"… from those great eyes
 The soul has fled:
 When faith is lost, when honor dies
 The man is dead!"

      Thirty years later, Whittier, feeling that perhaps Webster merely intended to try to save the Union and do away with slavery without a conflict, wrote The Lost Occasion, in which he lamented the too early death of the great orator:—

 "Some die too late and some too soon,  At early morning, heat of noon,  Or the chill evening twilight. Thou,  Whom the rich heavens did so endow  With eyes of power and Jove's own brow,  * * * * *  Too soon for us, too soon for thee,  Beside thy lonely Northern sea,  Where long and low the marsh-lands spread,  Laid wearily down thy august head."

      Whittier is emphatically the poet of New England. His verses which will live the longest are those which spring directly from its soil. His poem entitled The Barefoot Boy tells how the typical New England farmer's lad acquired:—

 "Knowledge never learned of schools,  Of the wild bee's morning chase,  Of the wild flower's time and place, Flight of fowl and habitude  Of the tenants of the wood."

      His greatest poem, the one by which he will probably be chiefly known to posterity, is Snow-Bound, which describes the life of a rural New England household. At the beginning of this poem of 735 lines, the coming of the all-enveloping snowstorm, with its "ghostly finger tips of sleet" on the window-panes, is the central event, but we soon realize that this storm merely serves to focus intensely the New England life with which he was familiar. The household is shut in from the outside world by the snow, and there is nothing else to distract the attention from the picture of isolated Puritan life. There is not another poet in America who has produced such a masterpiece under such limitations. One prose writer, Hawthorne, in The Scarlet Letter, had indeed taken even more unpromising materials and achieved one of the greatest successes in English romance, but in this special narrow field Whittier has not yet been surpassed by poets. The sense of isolation and what painters would call "the atmosphere" are conveyed in lines like these:—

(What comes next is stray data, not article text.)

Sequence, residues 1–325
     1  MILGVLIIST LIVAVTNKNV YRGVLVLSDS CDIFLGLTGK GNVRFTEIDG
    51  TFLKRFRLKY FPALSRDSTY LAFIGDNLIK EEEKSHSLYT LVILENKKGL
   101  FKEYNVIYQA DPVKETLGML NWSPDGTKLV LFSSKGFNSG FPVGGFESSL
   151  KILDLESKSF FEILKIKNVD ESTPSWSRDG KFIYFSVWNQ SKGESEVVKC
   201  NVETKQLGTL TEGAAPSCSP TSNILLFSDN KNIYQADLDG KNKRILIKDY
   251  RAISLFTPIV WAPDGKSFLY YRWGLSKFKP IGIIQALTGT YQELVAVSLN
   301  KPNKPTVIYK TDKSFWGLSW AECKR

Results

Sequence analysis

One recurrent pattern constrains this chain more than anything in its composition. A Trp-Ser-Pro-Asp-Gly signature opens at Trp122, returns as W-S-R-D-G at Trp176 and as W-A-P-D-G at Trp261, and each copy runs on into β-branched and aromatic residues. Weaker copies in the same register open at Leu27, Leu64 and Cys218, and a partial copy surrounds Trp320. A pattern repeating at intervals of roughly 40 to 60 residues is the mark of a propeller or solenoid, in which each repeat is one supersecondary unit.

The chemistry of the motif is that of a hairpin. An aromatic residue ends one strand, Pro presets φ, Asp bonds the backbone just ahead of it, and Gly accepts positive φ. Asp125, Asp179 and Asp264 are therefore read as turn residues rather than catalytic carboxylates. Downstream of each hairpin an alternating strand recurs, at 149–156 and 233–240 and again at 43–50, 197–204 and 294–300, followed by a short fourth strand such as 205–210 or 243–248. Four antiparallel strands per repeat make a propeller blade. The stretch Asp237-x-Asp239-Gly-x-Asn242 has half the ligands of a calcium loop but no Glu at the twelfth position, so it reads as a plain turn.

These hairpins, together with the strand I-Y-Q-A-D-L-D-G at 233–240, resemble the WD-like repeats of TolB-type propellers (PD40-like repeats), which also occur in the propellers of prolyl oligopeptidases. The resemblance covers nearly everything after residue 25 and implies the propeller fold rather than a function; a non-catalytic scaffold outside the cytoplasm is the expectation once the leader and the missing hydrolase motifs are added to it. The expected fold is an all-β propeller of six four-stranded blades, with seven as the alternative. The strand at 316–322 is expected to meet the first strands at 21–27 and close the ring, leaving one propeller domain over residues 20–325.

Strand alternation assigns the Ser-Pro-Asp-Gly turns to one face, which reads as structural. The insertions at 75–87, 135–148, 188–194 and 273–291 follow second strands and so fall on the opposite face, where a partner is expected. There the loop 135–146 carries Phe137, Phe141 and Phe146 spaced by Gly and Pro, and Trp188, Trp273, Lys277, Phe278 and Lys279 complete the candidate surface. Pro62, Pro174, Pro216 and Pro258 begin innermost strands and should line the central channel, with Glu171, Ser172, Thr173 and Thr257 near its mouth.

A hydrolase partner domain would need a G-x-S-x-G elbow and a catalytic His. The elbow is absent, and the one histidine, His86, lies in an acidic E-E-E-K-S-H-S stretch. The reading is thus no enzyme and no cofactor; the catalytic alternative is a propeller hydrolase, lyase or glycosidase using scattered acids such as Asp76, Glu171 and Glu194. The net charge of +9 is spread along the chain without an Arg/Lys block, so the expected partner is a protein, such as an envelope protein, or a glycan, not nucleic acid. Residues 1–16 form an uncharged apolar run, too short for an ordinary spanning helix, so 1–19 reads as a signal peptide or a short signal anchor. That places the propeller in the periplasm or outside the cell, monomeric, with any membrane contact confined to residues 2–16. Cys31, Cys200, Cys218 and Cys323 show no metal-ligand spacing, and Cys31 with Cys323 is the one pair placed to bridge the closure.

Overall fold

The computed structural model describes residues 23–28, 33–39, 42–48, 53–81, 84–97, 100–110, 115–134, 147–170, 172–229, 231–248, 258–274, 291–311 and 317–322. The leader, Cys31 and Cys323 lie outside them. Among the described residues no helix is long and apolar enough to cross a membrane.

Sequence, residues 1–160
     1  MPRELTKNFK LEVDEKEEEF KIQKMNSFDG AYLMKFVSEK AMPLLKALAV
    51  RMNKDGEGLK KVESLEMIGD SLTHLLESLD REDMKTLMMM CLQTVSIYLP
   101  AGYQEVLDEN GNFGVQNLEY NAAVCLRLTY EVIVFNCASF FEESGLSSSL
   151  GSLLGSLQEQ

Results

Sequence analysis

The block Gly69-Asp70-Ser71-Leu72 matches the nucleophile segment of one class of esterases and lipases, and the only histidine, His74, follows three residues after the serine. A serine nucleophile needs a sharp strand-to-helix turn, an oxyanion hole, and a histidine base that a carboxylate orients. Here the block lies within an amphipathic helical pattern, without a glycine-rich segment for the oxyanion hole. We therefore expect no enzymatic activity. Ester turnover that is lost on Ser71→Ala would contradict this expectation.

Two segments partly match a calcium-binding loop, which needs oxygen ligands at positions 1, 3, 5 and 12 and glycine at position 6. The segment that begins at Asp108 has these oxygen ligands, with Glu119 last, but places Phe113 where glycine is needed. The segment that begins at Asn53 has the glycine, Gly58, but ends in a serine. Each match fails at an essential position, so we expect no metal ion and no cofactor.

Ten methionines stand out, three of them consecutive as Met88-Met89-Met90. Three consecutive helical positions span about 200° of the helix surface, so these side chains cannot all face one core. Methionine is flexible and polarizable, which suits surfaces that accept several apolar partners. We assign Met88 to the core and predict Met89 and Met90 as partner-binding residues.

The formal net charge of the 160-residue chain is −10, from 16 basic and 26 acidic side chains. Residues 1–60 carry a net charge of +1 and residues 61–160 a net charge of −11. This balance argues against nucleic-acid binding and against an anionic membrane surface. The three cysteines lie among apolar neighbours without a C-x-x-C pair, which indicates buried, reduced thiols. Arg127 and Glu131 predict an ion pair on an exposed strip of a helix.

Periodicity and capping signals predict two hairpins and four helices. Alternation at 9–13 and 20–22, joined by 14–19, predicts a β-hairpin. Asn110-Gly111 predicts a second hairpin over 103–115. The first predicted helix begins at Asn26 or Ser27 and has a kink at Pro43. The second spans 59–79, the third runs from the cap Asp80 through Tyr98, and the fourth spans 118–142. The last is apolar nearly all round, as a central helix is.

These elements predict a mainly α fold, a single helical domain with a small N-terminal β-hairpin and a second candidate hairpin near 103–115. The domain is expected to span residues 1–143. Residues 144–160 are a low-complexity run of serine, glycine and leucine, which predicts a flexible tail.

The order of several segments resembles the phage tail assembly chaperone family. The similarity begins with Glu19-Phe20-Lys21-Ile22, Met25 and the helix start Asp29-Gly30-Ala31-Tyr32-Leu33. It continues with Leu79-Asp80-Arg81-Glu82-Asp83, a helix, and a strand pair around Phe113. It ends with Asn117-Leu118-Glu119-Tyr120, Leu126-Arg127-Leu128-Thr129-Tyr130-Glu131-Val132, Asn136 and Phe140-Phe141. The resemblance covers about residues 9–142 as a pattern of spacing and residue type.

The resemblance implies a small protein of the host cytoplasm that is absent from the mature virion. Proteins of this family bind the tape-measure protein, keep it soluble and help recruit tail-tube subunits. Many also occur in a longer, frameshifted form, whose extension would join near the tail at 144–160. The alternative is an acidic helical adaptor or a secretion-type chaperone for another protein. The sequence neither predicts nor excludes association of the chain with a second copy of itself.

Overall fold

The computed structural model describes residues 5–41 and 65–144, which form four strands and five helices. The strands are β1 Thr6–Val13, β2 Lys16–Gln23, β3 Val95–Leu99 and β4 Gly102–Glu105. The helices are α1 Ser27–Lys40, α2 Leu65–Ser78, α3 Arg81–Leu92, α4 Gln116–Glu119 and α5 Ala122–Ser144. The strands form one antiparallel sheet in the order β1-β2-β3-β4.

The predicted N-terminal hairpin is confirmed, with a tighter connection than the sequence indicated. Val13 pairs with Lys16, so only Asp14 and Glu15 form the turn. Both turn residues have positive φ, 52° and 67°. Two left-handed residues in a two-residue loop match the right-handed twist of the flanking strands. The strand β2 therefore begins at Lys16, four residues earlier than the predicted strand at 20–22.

"Shut in from all the world without,  We sat the clean-winged hearth about,  Content to let the north wind roar  In baffled rage at pane and door,  While the red logs before us beat  The frost line back with tropic heat;  And ever when a louder blast  Shook beam and rafter as it passed,  The merrier up its roaring draught  The great throat of the chimney laughed."